Ministers saw off a move to give MPs the decisive say on what happens over Brexit if they do not agree with the deal negotiated by the United Kingdom government.
Opening debate on the flagship EU Withdrawal Bill in the House of Commons, Mr Davis warned that the "cumulative effect" of a series of Lords amendments would "make it impossible to deliver the smooth and orderly exit we want". May's Cabinet is divided between ministers including Foreign Secretary Boris Johnson, who support a clean break with the European Union, and those such as Treasury chief Philip Hammond who want to keep closely aligned to the bloc, Britain's biggest trading partner.
What do the newspapers say about the votes?
Talks with rebels will take place over coming days to negotiate a new form of words defining what say parliament will have over the process and will reveal how much ground May has given to the pro-Europeans. The House of Lords has inserted 15 amendments to soften the terms of Britain's departure. The Secretary for Leaving the European Union, David Davies, opposed the publication of the study, first on the grounds that this would undermine London's negotiating position in Brussels and then on the grounds that the "impact assessment" was not in fact "an impact assessment" but mainly a projection.
"The government can not demonstrate the flexibility necessary for a successful deal if its hands are tied midway through that process", he said. Several pro-EU Conservative lawmakers said they would join the opposition in voting against the government.
However, May is anxious about the prospect of a rebellion by pro-EU Conservative MPs who are determined to retain as numerous changes as possible.
The fall-out from Tuesday's vote, which the government won to wipe out a change that could have given parliament the power to force ministers back to the negotiating table, looked set to all but overshadow Wednesday's votes. But for now, the government seems to have prevented an embarrassing defeat, and the Tory rebels have avoided the unpleasantness of colluding in the defeat of their Prime Minister. These kinds of promises by the government are fundamental to the way in which parliament and the government work together to craft legislation that the majority of MPs can live with.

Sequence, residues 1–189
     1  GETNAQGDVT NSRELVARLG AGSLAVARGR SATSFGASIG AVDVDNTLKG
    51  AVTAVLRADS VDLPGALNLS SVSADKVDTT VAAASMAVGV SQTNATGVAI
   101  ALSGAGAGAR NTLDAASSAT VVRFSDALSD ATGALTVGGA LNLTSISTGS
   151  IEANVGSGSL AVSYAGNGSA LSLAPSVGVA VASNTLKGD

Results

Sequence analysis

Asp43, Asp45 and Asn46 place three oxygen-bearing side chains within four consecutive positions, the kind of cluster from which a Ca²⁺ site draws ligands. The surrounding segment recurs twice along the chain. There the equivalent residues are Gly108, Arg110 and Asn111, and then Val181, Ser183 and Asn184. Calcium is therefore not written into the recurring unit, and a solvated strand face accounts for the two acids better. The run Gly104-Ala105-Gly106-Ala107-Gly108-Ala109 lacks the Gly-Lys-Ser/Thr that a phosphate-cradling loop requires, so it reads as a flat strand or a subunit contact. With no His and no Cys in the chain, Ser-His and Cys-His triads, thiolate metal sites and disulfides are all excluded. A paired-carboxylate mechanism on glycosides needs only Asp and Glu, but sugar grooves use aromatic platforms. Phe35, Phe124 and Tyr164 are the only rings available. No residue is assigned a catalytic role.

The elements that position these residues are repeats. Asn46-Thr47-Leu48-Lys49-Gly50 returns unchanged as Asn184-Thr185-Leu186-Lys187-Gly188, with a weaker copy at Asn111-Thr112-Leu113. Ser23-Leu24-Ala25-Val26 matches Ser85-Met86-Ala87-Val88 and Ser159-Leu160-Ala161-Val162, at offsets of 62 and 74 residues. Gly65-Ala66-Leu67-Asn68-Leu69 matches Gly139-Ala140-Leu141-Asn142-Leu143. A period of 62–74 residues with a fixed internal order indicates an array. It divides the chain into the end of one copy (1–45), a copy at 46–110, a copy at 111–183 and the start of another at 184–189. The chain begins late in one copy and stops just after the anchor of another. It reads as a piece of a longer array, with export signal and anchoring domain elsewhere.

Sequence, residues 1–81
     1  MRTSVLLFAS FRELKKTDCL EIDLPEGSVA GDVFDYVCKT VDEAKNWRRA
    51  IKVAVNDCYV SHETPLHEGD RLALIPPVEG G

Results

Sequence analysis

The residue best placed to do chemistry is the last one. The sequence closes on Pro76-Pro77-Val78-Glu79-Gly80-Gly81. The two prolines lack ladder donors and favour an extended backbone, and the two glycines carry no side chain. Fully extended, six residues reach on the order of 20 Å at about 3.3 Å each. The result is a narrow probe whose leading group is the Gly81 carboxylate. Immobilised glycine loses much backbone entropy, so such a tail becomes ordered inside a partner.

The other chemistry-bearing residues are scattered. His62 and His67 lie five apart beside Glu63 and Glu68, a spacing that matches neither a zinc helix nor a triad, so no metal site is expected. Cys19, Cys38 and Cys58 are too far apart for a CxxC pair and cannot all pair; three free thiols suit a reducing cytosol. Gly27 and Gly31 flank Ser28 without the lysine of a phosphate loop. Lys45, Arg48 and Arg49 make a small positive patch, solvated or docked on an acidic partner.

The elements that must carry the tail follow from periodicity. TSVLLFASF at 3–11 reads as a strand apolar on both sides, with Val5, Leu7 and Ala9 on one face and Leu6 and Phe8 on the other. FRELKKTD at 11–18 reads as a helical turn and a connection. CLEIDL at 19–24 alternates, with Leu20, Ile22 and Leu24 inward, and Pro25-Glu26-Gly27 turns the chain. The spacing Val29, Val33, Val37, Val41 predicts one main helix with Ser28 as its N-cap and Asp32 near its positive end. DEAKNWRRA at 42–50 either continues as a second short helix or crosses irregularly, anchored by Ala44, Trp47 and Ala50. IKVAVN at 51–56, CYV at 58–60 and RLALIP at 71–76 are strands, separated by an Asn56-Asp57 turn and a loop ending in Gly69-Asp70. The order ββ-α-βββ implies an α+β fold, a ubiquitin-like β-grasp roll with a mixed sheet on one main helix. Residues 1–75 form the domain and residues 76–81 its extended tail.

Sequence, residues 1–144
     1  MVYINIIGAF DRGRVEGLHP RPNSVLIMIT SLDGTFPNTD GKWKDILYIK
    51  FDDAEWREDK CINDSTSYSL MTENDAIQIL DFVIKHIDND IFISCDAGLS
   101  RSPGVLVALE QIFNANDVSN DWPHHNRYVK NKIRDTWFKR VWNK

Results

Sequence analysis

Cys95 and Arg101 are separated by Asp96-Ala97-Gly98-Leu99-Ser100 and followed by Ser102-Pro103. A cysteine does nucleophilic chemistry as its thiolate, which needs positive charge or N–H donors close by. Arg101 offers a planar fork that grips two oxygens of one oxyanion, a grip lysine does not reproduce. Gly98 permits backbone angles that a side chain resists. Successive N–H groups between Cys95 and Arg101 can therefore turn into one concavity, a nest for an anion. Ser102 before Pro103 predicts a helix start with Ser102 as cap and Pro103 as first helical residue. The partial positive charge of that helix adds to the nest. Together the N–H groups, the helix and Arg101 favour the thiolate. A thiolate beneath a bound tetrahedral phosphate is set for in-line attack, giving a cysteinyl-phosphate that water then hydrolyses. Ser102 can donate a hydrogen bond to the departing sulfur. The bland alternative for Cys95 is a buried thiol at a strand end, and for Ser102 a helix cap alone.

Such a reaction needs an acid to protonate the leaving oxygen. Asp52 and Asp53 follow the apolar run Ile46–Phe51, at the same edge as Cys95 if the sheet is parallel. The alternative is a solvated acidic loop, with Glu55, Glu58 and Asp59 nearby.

But pro-EU Conservative lawmaker Dominic Grieve said that with the government's move "I am quite satisfied that we are going to get a meaningful vote on both "deal" and "no deal" scenarios.
"Meanwhile, the economy is weakening and industry is increasingly alarmed at the sheer ineptitude of her Government".
Last year Lee pressed the government to release an economic impact assessment of a hard Brexit put together by the civil service.
Potential rebels fell into line after Mr Buckland said ministers were ready to "engage positively" with their concerns before the Bill returns to the Upper House next Monday.
Earlier, a junior minister resigned to fight for a "meaningful vote" for MPs, saying the government was offering a "fake choice" between "a bad deal and no deal".
A statement by the Department for Exiting the European Union, led by Brexit Secretary David Davis, insisted that "we have not, and will not, agree to the House of Commons binding the Government's hands in the negotiations".
The results were a victory for Prime Minister Theresa May's Conservative government, which is determined to take the country out of the European Union next year.
Not at all. Among the many issues outstanding ahead of Britain's planned withdrawal date of March 29, 2019 is the question of what happens to the Northern Irish border. This article is strictly for informational purposes only.
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